The manager then shops the artist to a distributor who apparently has to take subject to the Spotify carve out.  This will not be attractive to a digitial distributor who works on a distribution fee basis, and may not even be attractive to a Tunecore that puts all the distribution risk on the artist through up front fees with no risk to Tunecore.  This is perhaps because the Tunecore fees appear to be based on amortizing collection fees against the pass through float and the float will be much lower without Spotify.  This is particularly true now that streaming has destroyed the download business.

Coming to digital distributors without Spotify in 2018 is probably like coming to them without iTunes in 2008–not attractive.  But as Billboard notes, the people who really get hosed by Spotify are–predictably–the indie labels.  This will be particularly true even if the manager was able to negotiate a buyout from the Spotify deal if the artist has an opportunity to sign to a label.

So once again, a tone-deaf Spotify steps in it because they just can’t leave well enough alone.   And they are very likely selling the deals to managers and artists based on payola-style playlist placement that benefits “their” artists on Spotify’s own playlists and the consumer is none the wiser.

I haven’t seen these agreements in the flesh, but I would also bet there is another clause in there–song clearance.  Spotify is very likely putting the song clearance onto the artists so that they get fully cleared recordings delivered to them.   Understandable given Spotify’s abysmal track record on screwing songwriters, but is it realistic?

Maybe.  As long as the artist has written one hundred percent of the songs recorded–which means no publishers, no covers, no outside writers and no samples–the artist can promise to deliver fully cleared recordings including the songs.

How likely is that to happen?

Now uncleared songwriters–before you call your lawyers, remember that after the Music Modernization Act you can’t sue Spotify for statutory damages and attorneys fees for copyright infringement if you didn’t already bring your case before January 1, 2018–even if you didn’t know you had a case.

So assuming MMA becomes law later this year, you’ll have to find something else to sue for, and good luck with those attorneys fees.  Thanks, Congress.

So maybe we all have our eyes on the wrong ball.  We expect that from Spotify, but the managers can do better.

And then there’s state law prosecutions for commercial bribery.  Helloooo state attorneys general.  Not to mention federal mail and wire fraud and, of course, RICO.  No safe harbor for Danny on the RICO.

How are those copyright infringement lawsuits looking now?


Save the Date: “Music Publishing After the Music Modernization Act” at Texas Bar Entertainment Law Institute on November 9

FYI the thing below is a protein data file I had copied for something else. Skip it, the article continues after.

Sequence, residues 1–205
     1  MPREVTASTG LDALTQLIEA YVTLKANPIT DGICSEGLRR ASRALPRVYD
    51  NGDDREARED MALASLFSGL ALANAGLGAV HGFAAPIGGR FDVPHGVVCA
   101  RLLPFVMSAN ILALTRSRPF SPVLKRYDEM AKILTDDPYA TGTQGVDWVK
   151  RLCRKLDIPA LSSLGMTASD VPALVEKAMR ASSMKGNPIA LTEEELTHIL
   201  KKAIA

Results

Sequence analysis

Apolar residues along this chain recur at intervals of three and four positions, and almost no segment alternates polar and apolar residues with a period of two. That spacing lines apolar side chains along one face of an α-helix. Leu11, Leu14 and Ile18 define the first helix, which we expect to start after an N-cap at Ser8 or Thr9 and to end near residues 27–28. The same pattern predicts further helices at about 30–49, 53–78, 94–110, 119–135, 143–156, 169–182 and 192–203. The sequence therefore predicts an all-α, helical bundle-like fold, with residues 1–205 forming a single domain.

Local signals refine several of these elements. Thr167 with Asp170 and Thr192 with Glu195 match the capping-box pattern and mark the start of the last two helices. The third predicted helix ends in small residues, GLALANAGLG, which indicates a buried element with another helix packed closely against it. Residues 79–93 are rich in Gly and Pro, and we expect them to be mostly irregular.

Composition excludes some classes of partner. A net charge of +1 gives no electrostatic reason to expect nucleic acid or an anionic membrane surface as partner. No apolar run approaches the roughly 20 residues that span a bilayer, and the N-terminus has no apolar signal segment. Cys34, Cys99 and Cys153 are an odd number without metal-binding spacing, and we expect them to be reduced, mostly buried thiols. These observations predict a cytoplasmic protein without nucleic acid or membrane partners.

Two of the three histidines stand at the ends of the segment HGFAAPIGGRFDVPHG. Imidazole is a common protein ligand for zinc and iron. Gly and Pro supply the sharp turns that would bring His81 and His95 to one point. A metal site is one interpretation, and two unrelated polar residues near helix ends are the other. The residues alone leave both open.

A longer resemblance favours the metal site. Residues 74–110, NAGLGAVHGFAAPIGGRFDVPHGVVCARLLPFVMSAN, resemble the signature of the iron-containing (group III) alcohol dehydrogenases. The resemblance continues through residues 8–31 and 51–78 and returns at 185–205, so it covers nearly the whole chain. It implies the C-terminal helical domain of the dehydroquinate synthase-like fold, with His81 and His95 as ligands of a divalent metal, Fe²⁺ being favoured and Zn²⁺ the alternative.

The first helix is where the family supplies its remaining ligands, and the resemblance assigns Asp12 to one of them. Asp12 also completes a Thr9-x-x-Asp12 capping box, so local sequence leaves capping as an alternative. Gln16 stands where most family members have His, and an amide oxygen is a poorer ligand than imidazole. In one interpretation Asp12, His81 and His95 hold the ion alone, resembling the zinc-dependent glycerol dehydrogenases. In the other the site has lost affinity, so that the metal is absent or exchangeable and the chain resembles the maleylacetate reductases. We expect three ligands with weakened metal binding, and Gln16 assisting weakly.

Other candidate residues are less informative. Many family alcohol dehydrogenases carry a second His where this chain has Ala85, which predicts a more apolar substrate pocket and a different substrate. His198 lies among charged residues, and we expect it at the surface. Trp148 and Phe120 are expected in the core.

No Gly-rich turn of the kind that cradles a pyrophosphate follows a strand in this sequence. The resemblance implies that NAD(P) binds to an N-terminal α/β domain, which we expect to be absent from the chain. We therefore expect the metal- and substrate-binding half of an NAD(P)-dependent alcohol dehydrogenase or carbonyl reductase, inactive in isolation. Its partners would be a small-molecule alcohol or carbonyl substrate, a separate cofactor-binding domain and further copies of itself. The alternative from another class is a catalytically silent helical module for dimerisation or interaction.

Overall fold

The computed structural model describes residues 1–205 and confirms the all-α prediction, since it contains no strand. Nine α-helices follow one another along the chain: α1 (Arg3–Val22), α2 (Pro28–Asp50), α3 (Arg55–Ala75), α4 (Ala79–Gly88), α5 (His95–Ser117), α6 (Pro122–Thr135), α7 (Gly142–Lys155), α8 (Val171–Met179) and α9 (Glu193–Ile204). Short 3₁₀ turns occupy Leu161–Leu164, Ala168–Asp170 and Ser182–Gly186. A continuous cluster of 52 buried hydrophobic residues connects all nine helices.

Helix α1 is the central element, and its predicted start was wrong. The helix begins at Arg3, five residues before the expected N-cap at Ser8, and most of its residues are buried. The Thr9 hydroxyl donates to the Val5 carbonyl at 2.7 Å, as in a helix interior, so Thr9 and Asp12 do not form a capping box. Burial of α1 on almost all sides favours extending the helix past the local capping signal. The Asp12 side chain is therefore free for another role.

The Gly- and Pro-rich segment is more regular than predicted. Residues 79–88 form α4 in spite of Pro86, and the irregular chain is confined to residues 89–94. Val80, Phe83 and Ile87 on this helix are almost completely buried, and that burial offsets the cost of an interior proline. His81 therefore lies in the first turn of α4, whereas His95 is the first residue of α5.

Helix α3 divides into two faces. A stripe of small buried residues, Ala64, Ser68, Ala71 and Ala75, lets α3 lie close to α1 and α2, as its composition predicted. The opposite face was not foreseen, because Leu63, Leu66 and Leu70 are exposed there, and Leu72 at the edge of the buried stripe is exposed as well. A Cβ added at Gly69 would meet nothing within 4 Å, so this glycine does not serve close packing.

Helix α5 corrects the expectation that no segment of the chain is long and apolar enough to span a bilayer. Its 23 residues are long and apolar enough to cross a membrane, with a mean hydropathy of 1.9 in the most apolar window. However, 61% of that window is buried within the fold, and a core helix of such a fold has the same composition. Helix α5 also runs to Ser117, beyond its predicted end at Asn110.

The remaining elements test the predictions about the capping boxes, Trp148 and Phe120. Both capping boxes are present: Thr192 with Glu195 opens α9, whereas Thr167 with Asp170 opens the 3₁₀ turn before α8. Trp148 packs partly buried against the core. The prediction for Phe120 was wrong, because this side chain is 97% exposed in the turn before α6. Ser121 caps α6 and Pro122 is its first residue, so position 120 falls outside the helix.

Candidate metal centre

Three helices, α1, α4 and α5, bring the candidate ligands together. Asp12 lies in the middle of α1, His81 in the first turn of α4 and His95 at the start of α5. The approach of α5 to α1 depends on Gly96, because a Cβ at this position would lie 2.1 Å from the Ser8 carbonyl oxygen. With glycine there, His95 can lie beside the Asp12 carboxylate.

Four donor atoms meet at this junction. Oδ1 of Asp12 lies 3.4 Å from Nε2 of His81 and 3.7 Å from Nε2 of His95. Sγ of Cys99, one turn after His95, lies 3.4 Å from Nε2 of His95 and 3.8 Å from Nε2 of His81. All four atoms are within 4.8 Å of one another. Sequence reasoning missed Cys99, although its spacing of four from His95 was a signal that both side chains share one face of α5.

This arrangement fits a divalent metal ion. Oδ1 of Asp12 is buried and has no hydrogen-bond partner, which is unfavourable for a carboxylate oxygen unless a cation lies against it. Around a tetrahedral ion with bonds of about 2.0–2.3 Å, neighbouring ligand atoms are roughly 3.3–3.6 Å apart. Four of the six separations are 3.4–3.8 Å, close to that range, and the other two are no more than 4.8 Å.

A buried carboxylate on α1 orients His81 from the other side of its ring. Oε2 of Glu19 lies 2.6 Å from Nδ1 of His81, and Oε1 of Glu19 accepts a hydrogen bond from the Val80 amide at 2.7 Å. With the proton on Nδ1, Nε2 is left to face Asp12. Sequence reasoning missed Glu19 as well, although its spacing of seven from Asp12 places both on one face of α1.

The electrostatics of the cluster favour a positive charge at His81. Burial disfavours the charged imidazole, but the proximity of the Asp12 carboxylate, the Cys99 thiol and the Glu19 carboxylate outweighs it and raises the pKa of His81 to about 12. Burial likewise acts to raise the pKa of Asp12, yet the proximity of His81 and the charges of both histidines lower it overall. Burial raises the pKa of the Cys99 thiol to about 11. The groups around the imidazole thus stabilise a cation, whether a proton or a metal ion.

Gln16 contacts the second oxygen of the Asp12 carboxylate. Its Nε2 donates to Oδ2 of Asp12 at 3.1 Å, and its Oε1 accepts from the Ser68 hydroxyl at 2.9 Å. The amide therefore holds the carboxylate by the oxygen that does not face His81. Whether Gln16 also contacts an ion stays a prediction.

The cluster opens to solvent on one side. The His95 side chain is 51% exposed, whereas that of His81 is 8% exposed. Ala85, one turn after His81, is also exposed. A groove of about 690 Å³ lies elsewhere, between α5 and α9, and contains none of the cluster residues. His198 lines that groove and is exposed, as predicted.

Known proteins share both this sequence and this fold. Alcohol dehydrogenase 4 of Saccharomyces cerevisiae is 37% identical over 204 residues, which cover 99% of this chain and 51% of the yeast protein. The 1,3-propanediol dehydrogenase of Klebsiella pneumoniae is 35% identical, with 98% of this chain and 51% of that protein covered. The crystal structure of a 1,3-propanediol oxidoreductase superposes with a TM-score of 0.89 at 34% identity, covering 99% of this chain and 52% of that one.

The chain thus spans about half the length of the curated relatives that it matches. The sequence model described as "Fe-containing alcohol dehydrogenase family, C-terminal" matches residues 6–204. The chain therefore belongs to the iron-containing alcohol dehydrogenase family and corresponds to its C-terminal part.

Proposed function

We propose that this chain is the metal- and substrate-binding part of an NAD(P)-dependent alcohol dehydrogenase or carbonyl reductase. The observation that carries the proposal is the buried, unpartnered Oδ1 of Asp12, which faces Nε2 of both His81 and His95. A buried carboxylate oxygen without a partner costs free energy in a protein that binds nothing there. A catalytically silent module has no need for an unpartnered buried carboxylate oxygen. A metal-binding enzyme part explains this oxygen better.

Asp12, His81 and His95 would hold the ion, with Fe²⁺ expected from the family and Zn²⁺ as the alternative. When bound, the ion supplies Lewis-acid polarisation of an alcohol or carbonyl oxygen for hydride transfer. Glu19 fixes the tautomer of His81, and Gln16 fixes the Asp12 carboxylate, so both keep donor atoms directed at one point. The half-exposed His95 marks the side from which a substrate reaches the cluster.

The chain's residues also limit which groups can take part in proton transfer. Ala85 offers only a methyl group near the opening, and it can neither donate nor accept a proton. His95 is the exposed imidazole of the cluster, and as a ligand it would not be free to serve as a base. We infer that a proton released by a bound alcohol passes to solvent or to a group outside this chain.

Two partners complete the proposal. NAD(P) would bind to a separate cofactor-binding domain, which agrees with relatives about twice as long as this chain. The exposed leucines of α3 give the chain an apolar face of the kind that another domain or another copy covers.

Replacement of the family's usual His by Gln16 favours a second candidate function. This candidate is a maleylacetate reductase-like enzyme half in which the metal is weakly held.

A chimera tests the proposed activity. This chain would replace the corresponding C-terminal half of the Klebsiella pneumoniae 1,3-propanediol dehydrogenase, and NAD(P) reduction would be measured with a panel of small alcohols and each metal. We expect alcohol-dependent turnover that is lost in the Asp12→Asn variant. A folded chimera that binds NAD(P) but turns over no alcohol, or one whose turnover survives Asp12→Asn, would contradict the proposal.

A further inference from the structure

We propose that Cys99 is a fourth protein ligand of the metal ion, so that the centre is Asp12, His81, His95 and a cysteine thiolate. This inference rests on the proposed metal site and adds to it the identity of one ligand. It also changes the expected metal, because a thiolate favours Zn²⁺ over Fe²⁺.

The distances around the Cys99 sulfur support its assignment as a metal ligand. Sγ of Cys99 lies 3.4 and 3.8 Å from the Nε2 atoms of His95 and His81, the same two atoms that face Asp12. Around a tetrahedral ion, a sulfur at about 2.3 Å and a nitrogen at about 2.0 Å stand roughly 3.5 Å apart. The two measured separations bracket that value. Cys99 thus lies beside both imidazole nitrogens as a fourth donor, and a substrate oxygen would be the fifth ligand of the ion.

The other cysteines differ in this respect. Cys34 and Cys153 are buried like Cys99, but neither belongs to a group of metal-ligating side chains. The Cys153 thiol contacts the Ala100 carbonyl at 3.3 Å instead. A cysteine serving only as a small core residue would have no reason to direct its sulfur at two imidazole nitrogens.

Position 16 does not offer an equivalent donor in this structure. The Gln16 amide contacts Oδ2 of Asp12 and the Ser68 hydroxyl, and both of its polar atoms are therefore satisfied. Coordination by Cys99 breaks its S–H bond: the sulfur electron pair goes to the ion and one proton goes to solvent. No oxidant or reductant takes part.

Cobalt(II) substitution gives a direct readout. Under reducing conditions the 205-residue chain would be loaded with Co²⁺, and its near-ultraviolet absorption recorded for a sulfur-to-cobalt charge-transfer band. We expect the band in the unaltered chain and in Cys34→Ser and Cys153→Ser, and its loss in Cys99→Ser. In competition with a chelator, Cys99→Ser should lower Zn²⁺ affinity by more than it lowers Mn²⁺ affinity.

June 15, 2018 Comments off

I’m pleased to let you know that veteran music publisher Richard Perna and I will be presenting “Music Publishing After the Music Modernization Act” on November 9 at the 29th Annual Entertainment Law Institute in Austin co-sponsored by the State Bar of Texas Entertainment & Sports Law Section.  You can get more information and register at this link.

If the bill fails by November 9, we will discuss why.

If the bill has become law by November 9 we will discuss:

–the future of voluntary licensing and payment of minimum guarantees after passing;

–how will local repertoire be represented in the U.S. collective;

–practical aspects of transferring all existing NOIs to the collective;

–operational deadlines for collective;

–the reachback safe harbor and valuations;

–hidden administration costs and who bears them (unfunded mandates of the federal government);

–the practical aspects of engaging with the new “mechanical licensing collective” for U.S. and international publishers;

–what kind of publishers and valuations are likely to be most affected by the law;

–what kind of publishers and valuations are likely to be unaffected by the law;

–how songwriters and publishers will collect monies owed to them;

–ethical implications of withdrawals from the black box by the collective’s board of directors;

–ethical implications for CPAs ordered by the government to seek benefits for digital services against their client’s interest.



Spotify’s Latest Wrong Turn: Direct Licenses With Managers for Rights They Don’t Control

June 10, 2018 1 comment

Billboard reports that Spotify’s latest and greatest is paying a minimum guarantee (aka an advance against royalties) for direct deals for artists:

Under the terms of some of the deals, management firms can receive several hundred thousand dollars as an advance fee for agreeing to license a certain number of tracks by their independent acts directly to Spotify.

That is an odd sentence for a number of reasons.

Management Agreement:  Crucially, managers typically do not (or should not) own the rights to either songs or recordings created by their artist clients.  They also typically do not (and should not) have the right to sign license agreements in the name of their artist clients.

Both these points are usually the subject of some agita in the negotiation of management agreements.  Smart managers want nothing to do with signing agreements or cashing checks in the name of their clients.  If you look at some of the prominent artist-manager disputes over the years, they almost always revolve around some version of this story (see Richard Pryor, Billy Joel, Amy Lee).